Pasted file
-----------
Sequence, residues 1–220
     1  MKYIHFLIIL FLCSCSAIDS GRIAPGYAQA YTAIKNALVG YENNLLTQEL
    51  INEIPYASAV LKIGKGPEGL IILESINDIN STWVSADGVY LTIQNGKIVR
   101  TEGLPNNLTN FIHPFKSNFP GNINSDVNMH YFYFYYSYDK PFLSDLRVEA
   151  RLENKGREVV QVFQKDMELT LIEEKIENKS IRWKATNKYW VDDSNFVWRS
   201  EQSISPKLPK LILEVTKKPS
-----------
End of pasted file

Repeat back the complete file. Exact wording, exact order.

Sequence, residues 1–220
     1  MKYIHFLIIL FLCSCSAIDS GRIAPGYAQA YTAIKNALVG YENNLLTQEL
    51  INEIPYASAV LKIGKGPEGL IILESINDIN STWVSADGVY LTIQNGKIVR
   101  TEGLPNNLTN FIHPFKSNFP GNINSDVNMH YFYFYYSYDK PFLSDLRVEA
   151  RLENKGREVV QVFQKDMELT LIEEKIENKS IRWKATNKYW VDDSNFVWRS
   201  EQSISPKLPK LILEVTKKPS